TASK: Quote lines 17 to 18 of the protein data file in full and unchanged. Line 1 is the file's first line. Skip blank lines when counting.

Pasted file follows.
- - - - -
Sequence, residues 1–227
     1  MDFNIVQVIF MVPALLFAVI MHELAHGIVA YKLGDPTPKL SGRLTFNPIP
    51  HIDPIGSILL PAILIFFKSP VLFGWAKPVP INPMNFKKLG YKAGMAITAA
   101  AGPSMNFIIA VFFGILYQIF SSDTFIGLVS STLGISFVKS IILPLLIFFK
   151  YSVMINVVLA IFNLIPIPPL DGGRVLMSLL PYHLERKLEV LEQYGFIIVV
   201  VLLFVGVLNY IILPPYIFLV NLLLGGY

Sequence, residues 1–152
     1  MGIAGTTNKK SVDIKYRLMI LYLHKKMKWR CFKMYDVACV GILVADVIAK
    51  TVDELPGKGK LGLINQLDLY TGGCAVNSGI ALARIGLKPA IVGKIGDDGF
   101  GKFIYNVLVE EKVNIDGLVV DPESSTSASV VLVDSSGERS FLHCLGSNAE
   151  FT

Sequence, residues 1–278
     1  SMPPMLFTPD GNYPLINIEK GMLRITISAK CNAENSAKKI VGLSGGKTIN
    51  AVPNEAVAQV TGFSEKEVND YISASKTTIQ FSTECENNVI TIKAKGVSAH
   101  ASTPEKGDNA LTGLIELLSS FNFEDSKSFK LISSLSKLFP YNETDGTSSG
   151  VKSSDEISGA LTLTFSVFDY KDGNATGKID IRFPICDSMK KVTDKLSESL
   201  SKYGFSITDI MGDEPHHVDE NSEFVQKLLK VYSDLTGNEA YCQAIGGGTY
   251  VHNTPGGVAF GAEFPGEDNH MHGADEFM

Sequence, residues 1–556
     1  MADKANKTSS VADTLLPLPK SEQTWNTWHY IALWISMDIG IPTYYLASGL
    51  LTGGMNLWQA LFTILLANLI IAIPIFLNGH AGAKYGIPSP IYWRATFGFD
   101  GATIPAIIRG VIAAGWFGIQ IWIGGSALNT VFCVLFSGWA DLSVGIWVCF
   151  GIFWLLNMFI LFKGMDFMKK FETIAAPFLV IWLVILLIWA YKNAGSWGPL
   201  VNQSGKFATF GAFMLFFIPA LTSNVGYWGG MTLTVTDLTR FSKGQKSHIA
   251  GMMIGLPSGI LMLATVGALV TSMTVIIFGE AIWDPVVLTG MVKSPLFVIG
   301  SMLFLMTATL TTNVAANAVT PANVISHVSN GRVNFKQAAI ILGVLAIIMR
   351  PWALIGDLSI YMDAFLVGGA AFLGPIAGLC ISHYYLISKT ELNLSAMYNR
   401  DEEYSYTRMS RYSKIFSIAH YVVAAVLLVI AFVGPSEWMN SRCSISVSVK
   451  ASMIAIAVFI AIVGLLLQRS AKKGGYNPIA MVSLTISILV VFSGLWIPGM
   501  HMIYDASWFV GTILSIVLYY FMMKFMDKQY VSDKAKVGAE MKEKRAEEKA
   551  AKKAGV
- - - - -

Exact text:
   201  SKYGFSITDI MGDEPHHVDE NSEFVQKLLK VYSDLTGNEA YCQAIGGGTY
   251  VHNTPGGVAF GAEFPGEDNH MHGADEFM